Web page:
Search Box

Friday, January 16, 2009

An American hero

All 155 passengers aboard US Airways Flight 1549 are undoubtedly very grateful that their pilot was Chesley B. Sullenberger III, a former F-4 fighter jet pilot with the Air Force.

According to Yahoo, "He served on a board that investigated aircraft accidents and participated later in several National Transportation Safety Board investigations. Sullenberger had been studying the psychology of keeping airline crews functioning even in the face of crisis."

He evidently runs a safety consulting firm in addition to having been an airline pilot since 1980.

Sullenberger is also an experienced glider pilot. (His Airbus 320 was effectively turned into a glider as its engines gave out.)

All of which made him the ideal expert to land the airplane, as gently as possible, onto the Hudson River yesterday.

What made him a hero was that after everybody was off, he walked the length of the airplane twice to make absolutely certain that there was no one else left onboard.

Imagine the scene. The airplane is half submerged, with the icy Hudson lapping against the windows of the plane. The cabin lights are no longer working, so you can barely see in the darkness. The airplane could sink at any second, a situation exacerbated by the extra weight of the passengers standing outside on the wings.

I can't think of any way I really want to die. But one of the last ways I'd want to go is trapped inside a sinking airplane, drowning in murky 36 degree water.

Yet Sullenberger risked exactly that, just to make sure that everyone else was safe.

In an era when the headlines are dominated by the likes of Blagojevich and Madoff, Sullenberger came along at just the right time. This is someone we needed to hear about.

Here's hoping that Sullenberger's fifteen minutes stretch out much longer, to the end of his life.


Anonymous said...

This incident reminds me of Tom Wolfe’s “The Right Stuff”, which Sullenberger clearly had.

In particular there is a passage in this book at the beginning of the chapter “Yeager”.

“Anyone who travels very much on airlines in the United States soon gets to know the voice of the *airline pilot*… coming over the intercom … with that particular drawl, a particular folksiness, a particular down-home calmness that is so exaggerated it begins to parody itself (nevertheless! it’s reassuring) … the voice that tells you, as the airliner is caught in the thunderheads and goes bolting up and down a thousand feet at a single gulp, to check your seat belts because “it might get a little choppy” …. the voice that tells you (on a flight from Phoenix preparing for its final approach into Kennedy Airport, New York, just after dawn): “Now, folks, uh… this is the captain… ummmmm … we’ve got a little ol’ red light up here on the control panel that’s tryin’ to tell us that the landin’ gears’re not …uh…lockin’ into position when we lower ‘em…Now….I don’t believe that little ol’ red light knows what its talkin’ about - I believe it’s the little ol’ red light that iddn’ workin’ right”…faint chuckle, long pause, as if to say, *I’m not even sure all this is really worth going into – still it may amuse you…..*”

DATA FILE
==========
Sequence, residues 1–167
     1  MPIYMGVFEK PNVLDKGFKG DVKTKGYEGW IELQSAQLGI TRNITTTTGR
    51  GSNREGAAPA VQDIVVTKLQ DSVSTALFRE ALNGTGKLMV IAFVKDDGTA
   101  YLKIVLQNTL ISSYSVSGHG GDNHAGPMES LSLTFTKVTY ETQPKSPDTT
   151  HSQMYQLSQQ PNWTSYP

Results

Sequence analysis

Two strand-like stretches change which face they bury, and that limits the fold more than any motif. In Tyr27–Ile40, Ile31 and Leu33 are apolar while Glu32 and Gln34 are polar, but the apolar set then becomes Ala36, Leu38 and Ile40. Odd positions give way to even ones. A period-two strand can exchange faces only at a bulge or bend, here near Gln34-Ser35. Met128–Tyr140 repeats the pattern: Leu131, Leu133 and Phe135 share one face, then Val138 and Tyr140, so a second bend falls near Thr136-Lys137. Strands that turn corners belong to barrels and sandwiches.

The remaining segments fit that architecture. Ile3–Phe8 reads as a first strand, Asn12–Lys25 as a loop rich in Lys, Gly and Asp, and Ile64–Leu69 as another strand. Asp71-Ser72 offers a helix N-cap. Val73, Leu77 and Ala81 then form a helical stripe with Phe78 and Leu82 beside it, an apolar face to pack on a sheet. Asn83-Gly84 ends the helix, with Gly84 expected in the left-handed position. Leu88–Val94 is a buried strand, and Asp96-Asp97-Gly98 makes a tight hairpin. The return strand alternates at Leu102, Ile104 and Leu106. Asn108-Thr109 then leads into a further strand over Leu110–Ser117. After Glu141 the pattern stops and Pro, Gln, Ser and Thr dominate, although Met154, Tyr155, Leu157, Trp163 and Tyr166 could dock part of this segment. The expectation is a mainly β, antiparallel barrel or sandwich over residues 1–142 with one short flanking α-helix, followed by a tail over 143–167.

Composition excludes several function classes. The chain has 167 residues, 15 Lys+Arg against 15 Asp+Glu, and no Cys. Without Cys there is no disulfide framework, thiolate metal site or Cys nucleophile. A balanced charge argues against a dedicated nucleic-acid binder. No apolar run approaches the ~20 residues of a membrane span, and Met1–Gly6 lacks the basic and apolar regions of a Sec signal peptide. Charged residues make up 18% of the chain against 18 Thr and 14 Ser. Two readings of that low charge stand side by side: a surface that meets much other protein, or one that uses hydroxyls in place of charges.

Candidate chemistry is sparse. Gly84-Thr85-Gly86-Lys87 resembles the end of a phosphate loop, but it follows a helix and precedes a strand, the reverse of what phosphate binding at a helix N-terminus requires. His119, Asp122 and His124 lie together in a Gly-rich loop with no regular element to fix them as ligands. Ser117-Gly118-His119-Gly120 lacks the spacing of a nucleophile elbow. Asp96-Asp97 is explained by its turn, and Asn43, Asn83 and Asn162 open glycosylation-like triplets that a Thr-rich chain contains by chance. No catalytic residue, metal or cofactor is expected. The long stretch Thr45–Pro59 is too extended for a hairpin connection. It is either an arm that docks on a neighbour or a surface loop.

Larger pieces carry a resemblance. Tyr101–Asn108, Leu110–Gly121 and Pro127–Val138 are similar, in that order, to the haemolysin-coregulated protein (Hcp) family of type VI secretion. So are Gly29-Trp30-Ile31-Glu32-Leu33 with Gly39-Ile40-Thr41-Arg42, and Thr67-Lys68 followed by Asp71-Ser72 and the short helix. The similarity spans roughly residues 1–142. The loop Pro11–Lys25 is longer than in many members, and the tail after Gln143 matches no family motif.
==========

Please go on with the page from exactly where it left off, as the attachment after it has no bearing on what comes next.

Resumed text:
(the passage goes on, they do a fly by, ground observers cannot verify that the landing gear is properly positioned)

“… And “oh”… (I *almost forgot*)… “while we take a little swing out over the ocean an’ empty some of that surplus fuel we’re not gonna be needin’ anymore – that’s what you might be seein’ comin’ out of the wings – our lovely little ladies … if they’ll be so kind … they’re gonna go up and down the aisles and show you how we do what we call ‘assumin’ the position’” … another faint chuckle (*We do this so often, and it’s so much fun, we even have a funny little name for it*) …and the stewardesses, a bit grimmer, by the looks of them, than *that voice*, start telling the passengers to take their glasses off and take the ball point pens and other sharp objects out of their pockets, and they show them *the position*, with the head lowered… while down on the field at Kennedy the little yellow emergency trucks start roaring across the field – and even though in your pounding heart and your sweating palms and your broiling brainpan you *know* this is a critical moment in your life, you still can’t quite bring yourself to believe it, because if it were… how could the captain, the man who knows the actual situation most intimately… how could he keep on drawlin’ and chucklin’ and driftin’ and lollygaggin’ in that special voice of his "